Tuesday, May 28, 2013

Yellowstone

Cougar Creek in Gallatin Natl Forest
We arrived in the town of West Yellowstone on the 19th. If all goes as planned we will be here until the middle of August. Ann is working three days a week in the Gallatin National Forest Ranger Station while I continue my working from "home". West Yellowstone is near the west gate to Yellowstone National Park.

Needless to say we will be spending a lot of time on weekends in Yellowstone and the Grand Teton National Parks (which is on the south side of Yellowstone). If the parks get too crowded we'll have plenty of hiking in the National Forest, too. We took a walk on Friday and here is a picture to get an idea of the scenery.

Moving at the speed of Bison
We've already spent two days in Yellowstone National Park. We figure as schools let out and vacations begin the parks will become more and more crowded so we are going to high profile areas now. We went to the Old Faithful area on Saturday. We walked a total of 7 miles on paths in that general area including Black Sand Basin and Biscuit Basin. The geysers, pools and springs are as great as we remembered from 10 years ago when we were here our first time.

The Grand geyser
Traffic wasn't bad yet even on the holiday weekend. The only bad traffic was the slow moving Bison. They just don't walk fast enough and the cars pile up behind them. Oh well, they have the right of way.

One highlight was when we were lucky enough to see the Grand geyser, which only goes off every 12-14 hours, without sitting and waiting for hours. Same for the Beehive geyser, pure luck.  Oddly enough, we didn't see Old Faithful because we weren't in that area when it went off. No problem., we have all summer to see it.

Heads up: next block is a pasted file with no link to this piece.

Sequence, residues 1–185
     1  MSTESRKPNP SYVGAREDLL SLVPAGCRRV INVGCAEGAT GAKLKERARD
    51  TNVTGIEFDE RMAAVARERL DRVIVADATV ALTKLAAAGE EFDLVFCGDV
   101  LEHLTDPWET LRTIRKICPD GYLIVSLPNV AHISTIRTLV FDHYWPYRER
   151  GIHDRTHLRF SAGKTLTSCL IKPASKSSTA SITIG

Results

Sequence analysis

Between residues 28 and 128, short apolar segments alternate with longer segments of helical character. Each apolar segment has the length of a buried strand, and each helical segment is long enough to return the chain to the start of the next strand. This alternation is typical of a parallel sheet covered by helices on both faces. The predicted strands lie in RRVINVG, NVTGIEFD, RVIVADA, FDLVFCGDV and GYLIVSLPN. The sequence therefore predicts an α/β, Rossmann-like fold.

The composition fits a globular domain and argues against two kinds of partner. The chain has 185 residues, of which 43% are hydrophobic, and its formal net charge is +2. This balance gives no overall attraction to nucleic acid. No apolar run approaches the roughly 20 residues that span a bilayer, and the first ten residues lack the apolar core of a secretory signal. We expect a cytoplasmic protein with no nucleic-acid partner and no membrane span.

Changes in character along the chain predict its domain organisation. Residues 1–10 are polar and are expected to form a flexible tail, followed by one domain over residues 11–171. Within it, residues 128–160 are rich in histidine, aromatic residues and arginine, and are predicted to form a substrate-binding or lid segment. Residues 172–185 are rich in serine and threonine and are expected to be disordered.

Punch Bowl spring
Morning Glory pool
The variety of small geysers, pools and springs is fabulous. The chemicals in the water, the temperature of the water and the amount of water flowing all vary causing different shapes and colors. It is simply amazing. I'm including a few favorites.


Gibbon Falls
On Monday we went back into the park but it was cloudy, windy and cold (actually some snow flurries at times) so we didn't do a lot of walking. We made a few stops for sights close to the road and then did some indoor things like the Museum of the National Park Ranger at Norris and the Visitor Education Center at Canyon Village.

Museum of the National Park Ranger
The Museum of the National Park Ranger is in a historic log cabin built in 1908 and originally used by the U.S. Army as it was originally responsible for the park. The building is not very big so there are just a few displays and a couple of the rooms are setup to give a feel for how they were originally used. The Visitor Education Center is pretty new and has loads of information about the geological history of the area. Displays focus on volcanic and earthquake history. My favorite display was the huge topographical map showing the elevations throughout the two million acre park.

Here are a couple more pictures and a video (the only way to give justice) of the bubbling mud pot at Artists Paintpots.
Biscuit Basin - Sapphire Pool

Black Sand Basin - Emerald Pool
video


Thursday, May 16, 2013

Last update from Barr Lake

I made another trip around the lake to see what I could see. Here is my collection from that walk. We move on to a new location this weekend so my next post will be from there. For those that don't know where we are going next, I'll keep you in suspense.
Bullock Oriole

Western Kingbird


The owlets have feathers - one nest
has already flown off, these will soon

Red-tailed hawk babies

The Rookery - nesting Cormorants
This shows one small part of a very
large colony

Tuesday, May 7, 2013

Baby owl update

Great Horned owl nest
The other closer nest
It's been 9 days since my last baby owl pictures so I went out to check on them today.  They have grown a lot and are starting to "branch out". Their feathers are still coming in so they can't fly but they are starting to ease out on branches.  Such dare devils.

American Kestral - female - out our window